The first three amendments are a laundry list addressing what the British did at the outbreak of hostilities. Arresting people for saying the wrong things, collecting arms, and making people host British troops. Yes, the slave holders, like all slave holders, lived in constant terror of slave rebellion, and also made damn sure no provision was put in the Constitution which would prevent them from breaking away from the Union if need be, but it can't be said that was all there was to it.
I am saying let's factor the concerns of slaveholders in...aka the "security of the free state." (And not as a 5% influence.)
 

Burning Man

Super Anarchist
10,605
2,109
Back to the desert
LOL

I guarantee, you would be the last person to give up your firearms without a shoot-out and serious over-the-top whinging.
You're entitled to your opinion. However, the fact is I lived overseas for the previous decade without a single firearm and I seemed to get by just fine. I just spent my "gun money" on racing sailboats instead. Honestly guns are a metric fuckload cheaper and a lot less hassle. But I did just fine without them.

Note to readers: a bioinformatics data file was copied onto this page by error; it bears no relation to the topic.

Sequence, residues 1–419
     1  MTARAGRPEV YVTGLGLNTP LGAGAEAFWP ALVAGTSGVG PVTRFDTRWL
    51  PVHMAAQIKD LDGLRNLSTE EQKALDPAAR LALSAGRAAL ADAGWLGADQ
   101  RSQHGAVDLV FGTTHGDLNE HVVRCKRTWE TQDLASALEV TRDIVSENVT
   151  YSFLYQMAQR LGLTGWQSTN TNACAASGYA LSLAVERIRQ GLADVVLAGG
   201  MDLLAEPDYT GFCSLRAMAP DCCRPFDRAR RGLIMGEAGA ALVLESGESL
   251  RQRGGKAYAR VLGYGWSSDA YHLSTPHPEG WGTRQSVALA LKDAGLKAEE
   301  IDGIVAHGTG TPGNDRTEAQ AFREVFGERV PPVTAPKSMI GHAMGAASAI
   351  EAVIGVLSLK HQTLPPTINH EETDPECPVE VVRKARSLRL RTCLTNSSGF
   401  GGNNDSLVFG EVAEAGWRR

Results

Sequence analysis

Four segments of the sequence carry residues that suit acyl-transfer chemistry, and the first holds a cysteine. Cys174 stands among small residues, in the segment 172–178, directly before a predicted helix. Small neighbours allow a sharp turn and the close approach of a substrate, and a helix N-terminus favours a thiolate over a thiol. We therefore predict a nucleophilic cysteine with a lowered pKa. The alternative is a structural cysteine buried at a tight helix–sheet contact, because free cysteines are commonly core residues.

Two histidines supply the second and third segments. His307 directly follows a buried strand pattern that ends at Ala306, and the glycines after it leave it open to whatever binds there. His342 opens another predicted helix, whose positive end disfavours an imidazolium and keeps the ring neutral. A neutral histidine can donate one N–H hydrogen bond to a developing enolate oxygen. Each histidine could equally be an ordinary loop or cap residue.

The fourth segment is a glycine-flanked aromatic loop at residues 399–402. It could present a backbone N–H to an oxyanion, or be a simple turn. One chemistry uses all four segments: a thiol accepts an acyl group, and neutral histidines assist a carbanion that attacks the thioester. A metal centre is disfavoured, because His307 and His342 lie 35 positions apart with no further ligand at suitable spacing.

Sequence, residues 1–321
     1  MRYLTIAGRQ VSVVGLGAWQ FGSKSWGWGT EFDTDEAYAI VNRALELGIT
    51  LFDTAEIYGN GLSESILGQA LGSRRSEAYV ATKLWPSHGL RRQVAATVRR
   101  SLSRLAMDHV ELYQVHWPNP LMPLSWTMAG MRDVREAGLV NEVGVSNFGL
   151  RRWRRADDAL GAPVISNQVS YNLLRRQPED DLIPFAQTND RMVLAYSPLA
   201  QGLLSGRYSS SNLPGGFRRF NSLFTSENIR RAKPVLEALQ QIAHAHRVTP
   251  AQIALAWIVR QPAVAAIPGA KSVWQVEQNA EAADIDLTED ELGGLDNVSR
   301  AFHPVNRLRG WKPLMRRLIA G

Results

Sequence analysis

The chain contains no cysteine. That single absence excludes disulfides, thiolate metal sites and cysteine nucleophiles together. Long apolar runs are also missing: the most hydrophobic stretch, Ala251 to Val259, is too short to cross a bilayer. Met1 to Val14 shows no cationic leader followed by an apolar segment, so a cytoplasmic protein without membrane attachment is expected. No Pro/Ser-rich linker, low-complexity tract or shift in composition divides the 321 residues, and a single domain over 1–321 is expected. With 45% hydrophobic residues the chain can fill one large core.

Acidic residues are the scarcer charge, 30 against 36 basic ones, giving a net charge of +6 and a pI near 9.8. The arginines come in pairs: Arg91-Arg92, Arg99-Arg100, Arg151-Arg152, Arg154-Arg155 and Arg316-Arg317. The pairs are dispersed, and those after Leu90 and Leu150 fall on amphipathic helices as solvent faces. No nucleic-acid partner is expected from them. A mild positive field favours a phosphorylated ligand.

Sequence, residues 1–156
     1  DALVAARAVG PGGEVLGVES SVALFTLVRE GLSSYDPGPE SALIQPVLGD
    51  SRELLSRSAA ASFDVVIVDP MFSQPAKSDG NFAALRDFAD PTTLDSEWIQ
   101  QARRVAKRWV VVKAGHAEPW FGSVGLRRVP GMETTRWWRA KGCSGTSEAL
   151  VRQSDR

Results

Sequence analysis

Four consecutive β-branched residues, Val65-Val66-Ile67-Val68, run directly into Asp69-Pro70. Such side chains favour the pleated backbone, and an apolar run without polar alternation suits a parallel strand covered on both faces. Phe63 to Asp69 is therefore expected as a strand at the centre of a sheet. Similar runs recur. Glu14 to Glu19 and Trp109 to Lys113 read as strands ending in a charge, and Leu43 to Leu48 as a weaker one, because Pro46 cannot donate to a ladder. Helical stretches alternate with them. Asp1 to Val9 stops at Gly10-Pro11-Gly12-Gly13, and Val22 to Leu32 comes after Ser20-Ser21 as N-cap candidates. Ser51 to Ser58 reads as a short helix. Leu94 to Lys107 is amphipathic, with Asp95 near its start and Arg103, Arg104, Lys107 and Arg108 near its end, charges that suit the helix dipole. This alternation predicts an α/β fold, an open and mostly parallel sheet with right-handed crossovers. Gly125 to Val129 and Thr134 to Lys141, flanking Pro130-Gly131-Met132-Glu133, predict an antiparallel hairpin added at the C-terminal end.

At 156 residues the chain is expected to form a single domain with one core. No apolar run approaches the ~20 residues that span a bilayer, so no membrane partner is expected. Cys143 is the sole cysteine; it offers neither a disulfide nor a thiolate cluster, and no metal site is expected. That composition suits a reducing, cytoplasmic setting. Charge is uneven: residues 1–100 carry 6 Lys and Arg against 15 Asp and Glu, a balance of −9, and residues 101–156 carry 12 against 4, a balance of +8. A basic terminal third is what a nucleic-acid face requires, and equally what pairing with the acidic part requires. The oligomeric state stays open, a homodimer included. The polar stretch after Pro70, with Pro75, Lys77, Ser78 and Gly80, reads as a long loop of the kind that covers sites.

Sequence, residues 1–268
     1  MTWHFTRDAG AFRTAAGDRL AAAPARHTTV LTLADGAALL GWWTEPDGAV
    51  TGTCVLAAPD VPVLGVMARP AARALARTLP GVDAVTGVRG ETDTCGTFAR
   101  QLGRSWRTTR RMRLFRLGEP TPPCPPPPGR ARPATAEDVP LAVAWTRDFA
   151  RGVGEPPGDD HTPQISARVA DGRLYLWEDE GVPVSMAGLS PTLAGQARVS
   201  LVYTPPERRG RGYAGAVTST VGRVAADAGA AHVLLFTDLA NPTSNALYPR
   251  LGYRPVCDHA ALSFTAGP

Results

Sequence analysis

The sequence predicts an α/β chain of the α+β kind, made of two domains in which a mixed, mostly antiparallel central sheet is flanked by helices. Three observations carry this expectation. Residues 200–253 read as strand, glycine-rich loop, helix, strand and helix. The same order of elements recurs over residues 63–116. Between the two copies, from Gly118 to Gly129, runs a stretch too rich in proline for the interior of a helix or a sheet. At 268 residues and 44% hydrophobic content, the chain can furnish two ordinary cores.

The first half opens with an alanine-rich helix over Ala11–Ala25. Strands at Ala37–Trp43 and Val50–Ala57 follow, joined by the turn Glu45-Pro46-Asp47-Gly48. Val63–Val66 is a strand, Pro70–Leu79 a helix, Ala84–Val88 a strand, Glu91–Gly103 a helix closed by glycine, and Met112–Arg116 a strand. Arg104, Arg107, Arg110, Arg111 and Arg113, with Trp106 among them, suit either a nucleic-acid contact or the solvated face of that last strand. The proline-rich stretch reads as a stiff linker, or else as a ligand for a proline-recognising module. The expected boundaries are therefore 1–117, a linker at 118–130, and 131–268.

Burning Man

Super Anarchist
10,605
2,109
Back to the desert
The answer is that for a significant minority....but significant enough....there will never be enough deaths from guns in the USA to convince them that maybe getting rid of the tools of destruction is a good first step in solving the problem.

Never.

As has been proven in this thread over and over and over and over and over and over again. I've stopped reading the thread, honestly. The answer is obvious.
The Yuge flaw in your logic is that getting rid of gunz is the "First Step" rather than a last resort. It's absolutely not the first step when its not even a causal issue. The causal issues in our violence problem in the US are: poverty, inequality, hopelessness, lack of social mobility, marginalization, lack of access to mental health care, a fractured society, the War on Drugs, social media exacerbating bullying and mental depression, poor infrastructure, a breakdown in community support mechanisms, and on and on.

More and more social scientists are admitting that the gun violence problem is FAR FAR deeper than just the guns. They are now (FINALLY) starting to peel the onion back on the real underlying causal issues. Start tackling those issues and stop punishing law abiding gun owners who are not shooting up schools and gunning down rival gang members - and you would have a groundswell of support among us "2nd Amenders".

And you know what.... if despite all of our best and honest good faith efforts to do the above "root cause" work - if after a reasonable amount of time and nothing is working to stem the violence, then I'll be the first to take an angle grinder to all my firearms and campaign to outlaw gunz in 'Murica. But if you continue to think that is instead the "First step", then you can come take them from my cold dead fingers.

Just saying.
 

MauiPunter